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Meknès(mĕknĕs`), city (1994 pop. 443,214), N central Morocco. It has a noted carpet-weaving industry. There are also woolen mills, cement and metal works, oil distilleries, and food-processing plants. Meknès became (c.1672) the capital of Morocco under Sultan IsmailIsmail,
1646?–1727, sultan of Morocco (1672–1727). He organized corps of Sudanese to subdue the revolts that followed his accession. He attacked Christian strongholds in Morocco, regaining Larache and Arzila.
..... Click the link for more information. , who undertook such palatial building operations that the city was called the Versailles of Morocco. Little of his construction has survived.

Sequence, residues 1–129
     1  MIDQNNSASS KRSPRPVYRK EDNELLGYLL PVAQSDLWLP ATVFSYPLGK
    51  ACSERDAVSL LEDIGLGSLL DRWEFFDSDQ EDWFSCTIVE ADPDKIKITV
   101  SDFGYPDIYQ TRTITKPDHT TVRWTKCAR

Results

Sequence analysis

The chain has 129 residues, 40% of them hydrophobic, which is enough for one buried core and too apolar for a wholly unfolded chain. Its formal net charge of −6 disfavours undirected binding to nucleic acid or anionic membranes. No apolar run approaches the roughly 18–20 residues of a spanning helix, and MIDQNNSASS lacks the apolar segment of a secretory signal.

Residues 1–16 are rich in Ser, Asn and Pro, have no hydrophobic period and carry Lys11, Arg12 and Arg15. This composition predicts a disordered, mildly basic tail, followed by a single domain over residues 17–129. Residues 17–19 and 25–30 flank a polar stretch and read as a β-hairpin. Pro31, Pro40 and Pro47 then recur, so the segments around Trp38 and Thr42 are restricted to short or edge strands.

a city in northwestern Morocco; the capital of the province of Meknès. Population, 248,000 (1971). Meknès has a railroad station and an airport; it is also a highway junction and an important center for the surrounding agricultural region (wheat, olives, grapes, and citrus fruits). There are food-processing enterprises (a vegetable-oil mill, a flour mill and canneries) and textile and woodworking industries. Other industries include a large cement plant and a glazed pottery plant. The city was founded in the llth century.
Architectural monuments that have been preserved in the old city include walls with numerous gates (Bab al-Mansur, 1732), the Great Mosque (1203), the Bu Inaniya Madrasa (mid-14th century), the casbah of Dar Kebir (13th century) with the mosque of Lalla Aud (1276) and the palace of Dar Jamay (19th century), and the palace of Dar al-Makzen (end of the 17th century). In 1919 a modern city was begun northeast of the old city. A museum of Islamic art and a museum of folk art are located in Meknès.